1. Important Announcement - Upcoming Downtime - Software Upgrade

    Please see here for more details.
Hello there, why not take a few seconds to register on our forums and become part of the community? Just click here.

Isn't it impossible to tame a Tarantula?

Discussion in 'Tarantula Chat' started by MexicanRedKnee, Feb 3, 2010.

  1. MexicanRedKnee

    MexicanRedKnee Arachnopeon

    Why would you need to kill the ferocious T's? Why not just give them away or sell them and breed your tamer ones? I would never want such T's though, I want my spiders to be as wild as possible and if someone were to produce an essentially domesticated T, I wouldn't want any. I'm sure many others would agree.

    Thanks for all the facts and opinions. Despite the efforts of some to turn this thread into another handling thread. Now for my opinions on what was said:

    1. Basically I learned that T's have a very limited capacity to learn, and don't remember for long, makes sense.

    2. Some people argued that a population of T's can be tamed, or essentially domesticated. That may or may not be true, I read of an experiment in Russia years ago where they took some wild foxes and in only a matter of 30 years or so basically domesticated them. http://en.wikipedia.org/wiki/Domesticated_silver_fox . I think that if you were to attempt the same experiment with T's, it would take much much longer if it was even possible. Not only because T's take longer to mature, but also because behavior in T's seems to be all hardwired in them. It's all instinct, unlike dogs where much of their behavior is learned. It would be like trying to breed the foxes so that the newborn pups wouldn't immediately suckle when they were born, which is instinct. That would take much longer or probably be impossible.

    3. I don't believe that preparing and maintaining a burrow or altering their environment before molting is good proof of intelligence either, it seems like it's all predictable hardwired instinct to me. The spider is just acting upon its instinct.
  2. Merfolk

    Merfolk Arachnoprince Old Timer

    They are many proposal of that sort, sadly the one I remember best comes from fiction.

    There is a scene in the novel "Congo" by Crichton where a tame gorilla draws image of the jungle (including archaeological ruins) seen by its mom and other ascendant prior to its birth (that gorilla itself never saw the forest, being born while her mother was in captivity waiting to be butchered for meat).
    I know that Crichton got that from "scientific" sources and rarely goes far from actual science into fiction, but I just don't remember what his source was. If this happens to be plausible in real life, this would be extraordinary.

    Another thing loosely related but that was totally proven by hard science : Some animals got to learn a maze, then they were sacrificed and their brains fed to other untrained individuals, which found their way out almost instantly. I know for sure it worked with flatworm, I think that it went up to mammals like rats.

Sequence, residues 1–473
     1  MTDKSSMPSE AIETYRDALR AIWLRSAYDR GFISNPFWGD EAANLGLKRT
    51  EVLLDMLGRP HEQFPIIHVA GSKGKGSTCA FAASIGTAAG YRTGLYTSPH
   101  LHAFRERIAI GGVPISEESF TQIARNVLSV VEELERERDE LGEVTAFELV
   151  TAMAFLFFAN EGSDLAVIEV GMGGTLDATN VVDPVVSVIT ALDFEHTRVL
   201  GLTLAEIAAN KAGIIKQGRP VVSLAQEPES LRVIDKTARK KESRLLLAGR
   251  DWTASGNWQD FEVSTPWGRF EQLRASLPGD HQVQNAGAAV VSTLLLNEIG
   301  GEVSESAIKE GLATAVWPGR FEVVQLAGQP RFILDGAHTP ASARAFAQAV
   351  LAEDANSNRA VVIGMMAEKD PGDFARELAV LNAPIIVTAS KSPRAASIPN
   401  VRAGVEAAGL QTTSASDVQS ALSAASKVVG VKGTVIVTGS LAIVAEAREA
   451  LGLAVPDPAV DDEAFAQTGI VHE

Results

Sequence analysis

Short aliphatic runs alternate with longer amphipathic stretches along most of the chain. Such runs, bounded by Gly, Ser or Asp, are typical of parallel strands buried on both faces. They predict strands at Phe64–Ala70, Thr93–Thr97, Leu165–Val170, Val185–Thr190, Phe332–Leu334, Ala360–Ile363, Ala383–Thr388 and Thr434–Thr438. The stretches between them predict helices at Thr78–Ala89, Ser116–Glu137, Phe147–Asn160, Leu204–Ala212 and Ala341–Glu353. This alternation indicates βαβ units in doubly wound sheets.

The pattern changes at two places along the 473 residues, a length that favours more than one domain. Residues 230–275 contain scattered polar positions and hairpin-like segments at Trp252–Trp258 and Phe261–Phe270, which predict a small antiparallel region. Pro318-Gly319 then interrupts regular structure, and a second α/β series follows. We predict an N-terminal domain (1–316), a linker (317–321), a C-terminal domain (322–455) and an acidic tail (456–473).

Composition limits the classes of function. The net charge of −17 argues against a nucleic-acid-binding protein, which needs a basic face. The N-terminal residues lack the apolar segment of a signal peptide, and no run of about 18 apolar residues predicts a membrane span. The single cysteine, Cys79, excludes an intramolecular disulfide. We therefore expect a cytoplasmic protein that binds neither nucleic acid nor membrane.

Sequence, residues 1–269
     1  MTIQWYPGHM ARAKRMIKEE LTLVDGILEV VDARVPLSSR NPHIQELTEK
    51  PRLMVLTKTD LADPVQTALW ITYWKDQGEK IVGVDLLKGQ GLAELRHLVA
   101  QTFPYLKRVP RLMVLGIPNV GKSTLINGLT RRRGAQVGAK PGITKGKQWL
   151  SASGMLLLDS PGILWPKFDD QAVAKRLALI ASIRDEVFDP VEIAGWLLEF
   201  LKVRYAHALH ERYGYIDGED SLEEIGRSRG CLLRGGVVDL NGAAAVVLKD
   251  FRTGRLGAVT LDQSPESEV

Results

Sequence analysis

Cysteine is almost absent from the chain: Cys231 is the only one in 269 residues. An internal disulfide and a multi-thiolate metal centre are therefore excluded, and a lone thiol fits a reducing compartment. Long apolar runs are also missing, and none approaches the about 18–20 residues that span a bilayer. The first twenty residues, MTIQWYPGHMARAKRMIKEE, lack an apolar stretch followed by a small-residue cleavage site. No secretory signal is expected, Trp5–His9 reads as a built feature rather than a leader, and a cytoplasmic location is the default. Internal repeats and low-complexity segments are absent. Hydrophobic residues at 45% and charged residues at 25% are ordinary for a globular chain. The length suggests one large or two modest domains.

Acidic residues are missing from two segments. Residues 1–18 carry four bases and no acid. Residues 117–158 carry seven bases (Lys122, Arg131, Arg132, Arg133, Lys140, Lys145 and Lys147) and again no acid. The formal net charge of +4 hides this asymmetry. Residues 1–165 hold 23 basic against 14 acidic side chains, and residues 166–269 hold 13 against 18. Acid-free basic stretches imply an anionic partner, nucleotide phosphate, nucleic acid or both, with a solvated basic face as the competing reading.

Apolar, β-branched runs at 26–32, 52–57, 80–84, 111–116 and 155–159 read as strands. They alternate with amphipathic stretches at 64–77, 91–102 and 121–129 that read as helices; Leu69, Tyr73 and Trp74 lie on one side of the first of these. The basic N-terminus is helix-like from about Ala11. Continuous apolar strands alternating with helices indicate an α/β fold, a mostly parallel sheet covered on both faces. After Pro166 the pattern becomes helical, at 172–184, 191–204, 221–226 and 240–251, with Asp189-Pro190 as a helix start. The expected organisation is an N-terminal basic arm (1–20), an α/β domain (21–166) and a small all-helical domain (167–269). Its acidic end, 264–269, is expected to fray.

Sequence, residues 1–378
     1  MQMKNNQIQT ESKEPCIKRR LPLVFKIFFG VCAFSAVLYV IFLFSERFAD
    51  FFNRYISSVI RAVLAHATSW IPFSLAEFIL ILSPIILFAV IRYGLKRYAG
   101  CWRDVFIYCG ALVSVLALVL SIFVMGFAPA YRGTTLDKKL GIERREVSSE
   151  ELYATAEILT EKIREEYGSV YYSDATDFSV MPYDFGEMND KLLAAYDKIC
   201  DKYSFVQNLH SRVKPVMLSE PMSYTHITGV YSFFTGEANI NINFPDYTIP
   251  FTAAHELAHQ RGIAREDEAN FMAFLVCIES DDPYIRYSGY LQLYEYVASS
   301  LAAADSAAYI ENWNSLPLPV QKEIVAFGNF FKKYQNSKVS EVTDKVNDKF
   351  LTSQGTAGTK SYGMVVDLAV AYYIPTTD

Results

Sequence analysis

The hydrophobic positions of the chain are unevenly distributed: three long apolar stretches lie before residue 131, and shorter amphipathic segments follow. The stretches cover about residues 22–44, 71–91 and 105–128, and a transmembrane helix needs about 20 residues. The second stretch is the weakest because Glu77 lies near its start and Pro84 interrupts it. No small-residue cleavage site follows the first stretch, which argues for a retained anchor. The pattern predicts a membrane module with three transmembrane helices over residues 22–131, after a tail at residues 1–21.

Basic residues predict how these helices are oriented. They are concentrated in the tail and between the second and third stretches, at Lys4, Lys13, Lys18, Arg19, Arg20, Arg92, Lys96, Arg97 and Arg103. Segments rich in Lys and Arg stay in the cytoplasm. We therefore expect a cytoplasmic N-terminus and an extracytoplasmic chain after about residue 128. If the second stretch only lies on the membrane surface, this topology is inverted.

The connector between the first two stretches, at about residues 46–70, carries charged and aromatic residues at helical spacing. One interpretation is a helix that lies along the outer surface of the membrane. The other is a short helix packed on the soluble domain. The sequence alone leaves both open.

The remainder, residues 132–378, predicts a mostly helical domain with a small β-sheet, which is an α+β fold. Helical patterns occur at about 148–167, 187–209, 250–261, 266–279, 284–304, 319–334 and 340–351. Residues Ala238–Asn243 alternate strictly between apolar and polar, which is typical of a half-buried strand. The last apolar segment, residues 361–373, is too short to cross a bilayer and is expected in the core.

So it would be possible to transmit information outside the regular channels that we call our senses. But in this case, we are pretty much in the same position than early scientists who proved that fire needs oxygen, but couldn't tell why!
  3. I'd like you to specify your sources for this, if you could.:)
  4. splangy

    splangy Arachnosquire

    idk. getting rid of 998 Ts would be tedious. This is all hypotehtical. don't take me too literally here! :)

    I agree, especially since foxes are pack animals, and so already possess some social mechanics to build from.

    That's going off of some current sociobiological perspectives on intelligence. I'm just spitting back what I've learned from that. Part of it is hardwired, but every situation will be different, and the spider does something different depending on the situation. A rosea is a great example, they make decisions about where to burrow, whether to burrow, how deep to burrow, etc. It's not an automatic... "burrow here," sort of a thing. There's an actual thought process going on. The fact that we can't predict much of their behavior is a red flag for the existence of thought.

    If you're interested, check out the SETI podcast. They had a great episode on animal intelligence. http://radio.seti.org/episodes/You_Animal_ It's a FANTASTIC show, I highly recommend giving it a listen. :)
  5. Merfolk

    Merfolk Arachnoprince Old Timer

    I actually read it in a text lent to me by a fellow teacher. I will make some search. I came across this several times to be honest.

    If any of this had scientific basis, it would explain the widespread believe among cannibal tribes that they could acquire the qualities of their last meal...

    Genetic memory? I'm hitting encyclopaedias...
  6. Falk

    Falk Arachnodemon

    A tarantula dont have any social mechanics and are totaly solitary animals and therefore cannot be tame.
  7. Merfolk

    Merfolk Arachnoprince Old Timer

    Well, they do, they even play the drums to seduce their partner :)